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Amy Allender [Photo: Amy Allender]
Amy Allender [Photo: Amy Allender]

She's Not From Around Here: Cream of Mushroom Soup

Amy Allender
 April 28, 2022
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We’ve got to talk about the blizzards one more time. Just once more. Then I’m done. Unless, of course we get another blizzard. If we get a blizzard in May, all bets are off and you betcha I’ll write about it.

But for today, let’s confidently hope that blizzard warnings are in the rearview mirror and we won’t need to lace up our snow boots again until — at earliest — September.

Now that the snow is melting and we are getting glimpses curbs along the streets (who knew curbs could be so dearly missed?), things are starting to look a little more normal. People are running errands. Dogs are being walked. Mail is being delivered. Store shelves are restocked.

It’s the store shelves I want to draw attention to today. The grocery-buying frenzy prompted by an imminent storm has come to a close. So, I’ll take this moment for a little commentary on the one item that flies off NoDak grocery store shelves when a blizzard is in the forecast.

Cream of mushroom soup.

Okay, really any “cream of” soup. However, I have it on good authority that cream of mushroom is often the preferred “cream of” because of its versatility. Apparently cream of celery is a close second. Surprisingly, cream of chicken ranks low on the list.

Around here, stocking up on cream of mushroom soup before heavy snowfall or sub-zero temperatures is a survival technique. Before our recent blizzards the “cream of” soups seemed to disappear from shelves as though they were rolls of toilet paper in March 2020. As I did my pre-storm shopping to stock up on my own version of necessities: coffee, coffee creamer, milk, and diapers, I couldn’t help but notice the vacant can slots in the soup aisle.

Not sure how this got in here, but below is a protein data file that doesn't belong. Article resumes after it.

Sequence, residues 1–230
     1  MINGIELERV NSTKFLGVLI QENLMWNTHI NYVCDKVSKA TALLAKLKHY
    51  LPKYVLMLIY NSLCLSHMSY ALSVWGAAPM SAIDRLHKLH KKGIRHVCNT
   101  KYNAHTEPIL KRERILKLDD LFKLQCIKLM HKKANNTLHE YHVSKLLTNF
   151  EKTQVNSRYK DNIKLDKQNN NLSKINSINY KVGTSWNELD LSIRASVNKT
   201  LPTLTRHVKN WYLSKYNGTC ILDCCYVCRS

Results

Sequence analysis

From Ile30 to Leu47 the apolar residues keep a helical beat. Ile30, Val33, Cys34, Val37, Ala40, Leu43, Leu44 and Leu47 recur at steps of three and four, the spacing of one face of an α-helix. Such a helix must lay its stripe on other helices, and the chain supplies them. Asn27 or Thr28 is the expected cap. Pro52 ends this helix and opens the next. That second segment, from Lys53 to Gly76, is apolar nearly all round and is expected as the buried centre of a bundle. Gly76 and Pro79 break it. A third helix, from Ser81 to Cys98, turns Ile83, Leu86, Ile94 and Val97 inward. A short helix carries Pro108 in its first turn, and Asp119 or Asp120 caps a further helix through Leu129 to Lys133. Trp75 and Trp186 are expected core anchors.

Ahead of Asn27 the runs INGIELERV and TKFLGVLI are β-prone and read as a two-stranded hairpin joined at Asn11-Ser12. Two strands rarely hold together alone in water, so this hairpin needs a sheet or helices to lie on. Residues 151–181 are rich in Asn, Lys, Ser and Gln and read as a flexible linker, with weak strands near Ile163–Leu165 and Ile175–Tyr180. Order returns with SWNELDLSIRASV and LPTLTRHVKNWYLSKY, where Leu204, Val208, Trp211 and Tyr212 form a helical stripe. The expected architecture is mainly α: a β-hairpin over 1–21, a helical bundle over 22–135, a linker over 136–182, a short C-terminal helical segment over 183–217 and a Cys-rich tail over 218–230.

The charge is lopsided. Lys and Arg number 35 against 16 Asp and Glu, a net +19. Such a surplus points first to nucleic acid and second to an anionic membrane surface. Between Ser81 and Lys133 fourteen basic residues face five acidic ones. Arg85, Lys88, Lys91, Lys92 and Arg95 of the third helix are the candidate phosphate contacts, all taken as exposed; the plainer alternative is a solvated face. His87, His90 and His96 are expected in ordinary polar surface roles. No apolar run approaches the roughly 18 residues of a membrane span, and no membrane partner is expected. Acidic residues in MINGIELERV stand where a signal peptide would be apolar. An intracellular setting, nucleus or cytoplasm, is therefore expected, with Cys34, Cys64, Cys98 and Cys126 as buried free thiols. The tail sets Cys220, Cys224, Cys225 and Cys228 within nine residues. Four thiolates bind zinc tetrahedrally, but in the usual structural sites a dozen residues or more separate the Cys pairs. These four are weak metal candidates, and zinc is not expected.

A sign that survival instincts have kicked in across Hot Dish Territory [Photo: Amy Allender]

I can’t liken it to anything else I’ve ever seen anywhere else. Cream of mushroom soup just may be the most singularly unifying North Dakotan item there is.

The need to be well stocked with cream soups separates the native North Dakotans from those of us who aren’t from around here. The weight you place on your cream soup inventory draws a distinct line between the casserolers and the hot-dishers.

Why cream of mushroom? Why cream soups? What do they need them for?

I have two words for you: Hot. Dish.

There’s a reason I call this “Hot Dish Territory” and this is it. It’s not just that folks here refer to casseroles as “hot dishes.” It’s the prominent place a hot dish has in society. If one is well stocked with cream of mushroom soup, the hot dish possibilities are nearly endless. You could make hamburger hot dish, taco hot dish, chicken and rice hot dish — or, the most popular of all, tater tot hot dish. You could also go the pot-pie route, which I’ve been told is a close cousin to the hot dish.

Tater Tot Hot Dish, in case you are not familiar [Photo: Amy Allender]

When cold and snow encroach, the natives turn to cream of soup and tried and true hot dish recipes just as much as shovels and snow throwers. It’s comfort, familiarity, warmth and faith that this storm will pass and summer will arrive. It’s the beauty of a humble can of soup becoming a mascot for weathering the storm. It’s all of that and more, served out of a 9x13 pan, held together with cream of mushroom soup.

It's something those of us who aren’t from around here should stop and notice. How do they do it? How do they get through a lifetime of brutal winters and unpredictable springs? Hot dishes. And cream of mushroom soup.

Do you have an observation that is uniquely Dakotan or Minot? I’d love to hear from you. Reach me on Instagram @amy_allender or by email at amy.allender@mydakotan.com.

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